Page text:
The Student Playlist

Showcasing the Best New Music, Curating the Classics

PLAYLIST: An Introduction to Ennio Morricone

Once you expand your conception and understanding of popular music to include soundtracks, it immediately becomes clear that Ennio Morricone, the much-revered Italian composer who passed way earlier this week at the age of 91, is one of the most important figures in all of music in the 20th century and beyond.

Unquestionably, his score for Sergio Leone’s The Good, The Bad & The Ugly is his most recognisable work, its main theme heralded by that infamous five-note ‘coyote call’, but with over 400 film and television scores to his name – that’s not even including close to 100 classical works, his performances as an accomplished trumpet player – his achievements are almost inestimably vast, an ocean of high quality beneath the clutch of modernist masterpieces like the same film’s ‘The Ecstasy Of Gold’ or his work on Cinema Paradiso, The Mission and Once Upon A Time In The West.

Morricone’s meticulous approach to orchestration, harmony, melody and rhythm meant that his work was incredibly textured and varied, influenced by a vast range of sources from conventional orchestral music to the output of avant-garde pioneers such as Karl-Heinz Stockhausen. As such, it was capable of huge emotional clout – check out the heart-swelling soundtrack to The Mission – but also able to evoke terror or tension. Some of his work with his Gruppo di Improvvisazione Nuova Consonanza (better known as ‘Il Gruppo’) including fellow composers Franco Evangelisti and Egisto Macchi on the ‘giallo’ thrillers of Italian cinema in the Sixties and Seventies are absorbing and gripping. Frequently, those heavenly soundscapes accompanied the actions of desperate men acting in desolate, sparse surroundings, and that juxtaposition was always thrilling. One of his final soundtracks, for Quentin Tarantino’s 2016 ‘winter western’ The Hateful Eight, was as masterful and vital as anything else in his storied career.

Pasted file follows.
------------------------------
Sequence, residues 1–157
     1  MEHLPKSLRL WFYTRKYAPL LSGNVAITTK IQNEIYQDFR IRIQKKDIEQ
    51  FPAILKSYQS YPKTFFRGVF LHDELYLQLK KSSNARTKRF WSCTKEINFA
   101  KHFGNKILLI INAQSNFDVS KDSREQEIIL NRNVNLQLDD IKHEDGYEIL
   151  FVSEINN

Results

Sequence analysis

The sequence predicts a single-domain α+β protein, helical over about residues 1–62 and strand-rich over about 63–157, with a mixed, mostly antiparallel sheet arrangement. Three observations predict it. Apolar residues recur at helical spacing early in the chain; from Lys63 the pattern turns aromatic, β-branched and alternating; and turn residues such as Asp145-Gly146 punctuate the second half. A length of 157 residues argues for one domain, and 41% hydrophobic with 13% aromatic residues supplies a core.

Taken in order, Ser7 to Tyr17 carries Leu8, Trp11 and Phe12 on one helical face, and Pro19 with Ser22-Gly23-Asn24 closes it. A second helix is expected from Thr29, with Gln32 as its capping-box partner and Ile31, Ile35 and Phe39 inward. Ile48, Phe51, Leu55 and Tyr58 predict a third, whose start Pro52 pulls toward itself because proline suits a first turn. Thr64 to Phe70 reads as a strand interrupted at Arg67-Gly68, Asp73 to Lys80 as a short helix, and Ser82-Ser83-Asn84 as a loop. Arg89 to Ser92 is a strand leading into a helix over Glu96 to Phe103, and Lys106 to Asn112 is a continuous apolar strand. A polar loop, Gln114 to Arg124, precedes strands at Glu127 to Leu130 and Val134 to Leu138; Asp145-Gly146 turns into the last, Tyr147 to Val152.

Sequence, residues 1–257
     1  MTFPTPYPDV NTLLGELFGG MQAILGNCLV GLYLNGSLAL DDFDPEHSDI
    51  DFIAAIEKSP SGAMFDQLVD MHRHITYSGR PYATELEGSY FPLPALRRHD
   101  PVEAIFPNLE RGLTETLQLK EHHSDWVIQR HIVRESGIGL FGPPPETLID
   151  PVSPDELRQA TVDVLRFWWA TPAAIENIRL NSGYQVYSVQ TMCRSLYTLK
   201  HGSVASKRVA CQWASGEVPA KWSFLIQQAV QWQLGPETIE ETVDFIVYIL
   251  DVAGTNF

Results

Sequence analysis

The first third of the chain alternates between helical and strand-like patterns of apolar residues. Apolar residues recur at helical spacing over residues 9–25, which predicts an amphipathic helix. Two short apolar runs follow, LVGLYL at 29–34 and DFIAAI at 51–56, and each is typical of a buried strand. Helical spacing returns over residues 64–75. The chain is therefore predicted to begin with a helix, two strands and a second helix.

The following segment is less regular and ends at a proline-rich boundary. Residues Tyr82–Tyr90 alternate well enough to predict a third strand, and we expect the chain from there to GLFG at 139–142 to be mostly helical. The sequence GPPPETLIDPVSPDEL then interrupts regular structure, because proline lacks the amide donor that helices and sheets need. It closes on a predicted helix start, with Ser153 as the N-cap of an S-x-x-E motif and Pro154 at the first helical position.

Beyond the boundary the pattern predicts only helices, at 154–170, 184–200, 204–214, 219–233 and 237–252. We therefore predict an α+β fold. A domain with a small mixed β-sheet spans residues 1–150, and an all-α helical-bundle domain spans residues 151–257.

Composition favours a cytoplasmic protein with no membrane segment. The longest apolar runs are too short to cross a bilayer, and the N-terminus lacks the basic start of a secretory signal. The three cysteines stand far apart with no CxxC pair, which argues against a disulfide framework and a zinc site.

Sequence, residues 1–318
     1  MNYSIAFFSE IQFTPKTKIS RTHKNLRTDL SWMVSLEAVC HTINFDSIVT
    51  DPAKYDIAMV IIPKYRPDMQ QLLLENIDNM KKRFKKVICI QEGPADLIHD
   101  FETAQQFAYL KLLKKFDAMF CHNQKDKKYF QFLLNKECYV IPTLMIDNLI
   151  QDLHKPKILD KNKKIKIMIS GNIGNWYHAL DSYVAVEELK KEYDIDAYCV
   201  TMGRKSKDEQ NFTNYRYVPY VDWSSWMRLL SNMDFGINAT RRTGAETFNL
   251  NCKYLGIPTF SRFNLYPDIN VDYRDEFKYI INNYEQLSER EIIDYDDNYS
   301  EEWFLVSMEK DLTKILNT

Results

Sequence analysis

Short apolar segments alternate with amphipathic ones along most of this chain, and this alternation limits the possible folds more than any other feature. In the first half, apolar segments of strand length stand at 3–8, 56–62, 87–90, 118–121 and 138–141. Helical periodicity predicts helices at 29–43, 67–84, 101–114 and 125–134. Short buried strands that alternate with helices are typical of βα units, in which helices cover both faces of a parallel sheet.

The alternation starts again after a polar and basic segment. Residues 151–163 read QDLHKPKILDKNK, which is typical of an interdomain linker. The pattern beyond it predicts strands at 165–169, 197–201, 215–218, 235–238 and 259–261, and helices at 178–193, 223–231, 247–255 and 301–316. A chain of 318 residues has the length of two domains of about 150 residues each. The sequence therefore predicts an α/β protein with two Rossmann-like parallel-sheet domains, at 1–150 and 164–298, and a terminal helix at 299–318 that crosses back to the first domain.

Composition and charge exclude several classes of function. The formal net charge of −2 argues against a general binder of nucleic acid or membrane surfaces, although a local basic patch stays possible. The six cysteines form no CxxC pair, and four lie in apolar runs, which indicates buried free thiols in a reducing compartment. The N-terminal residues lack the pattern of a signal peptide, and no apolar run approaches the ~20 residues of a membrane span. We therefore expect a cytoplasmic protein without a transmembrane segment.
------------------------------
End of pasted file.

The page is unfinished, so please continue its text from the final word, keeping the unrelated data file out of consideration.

Far from being confined to the world of film soundtracks, Morricone’s influence broke down the barriers between the worlds of classical and popular music. You can hear the Italian composer’s sound in the chamber-pop of Scott Walker to The Last Shadow Puppets, while artists as diverse as Radiohead and Jay-Z have taken inspiration from his soundscapes. Peter Hook’s infamous bassline for New Order’s enormous ‘Blue Monday’ smash was an interpretation of the tense, twanging low guitar figure that accompanies the shoot-out at the finale of Leone’s For A Few Dollars More. Morricone’s melding of field recordings and musique concrete with organic sounds can arguably heard in modern-day electronic music producers such as SOPHIE and Arca.

It was nothing short of extraordinary that Ennio Morricone hadn’t won an Oscar for any of his work as late as 2007, which was why the Academy hastily cooked up a lifetime achievement award in an attempt to rectify this scandal. Justice was at last done when he won an actual competitive Oscar for The Hateful Eight.

Given the massive amount of work he’s credited with, any ‘best of’ or ‘introduction’ to Ennio Morricone is a rather foolhardy and perfunctory exercise, but hopefully the playlist we’ve put together (available here or by scrolling below) can at least act as a jumping-off point for your own explorations of the maestro’s work.

Happy listening!

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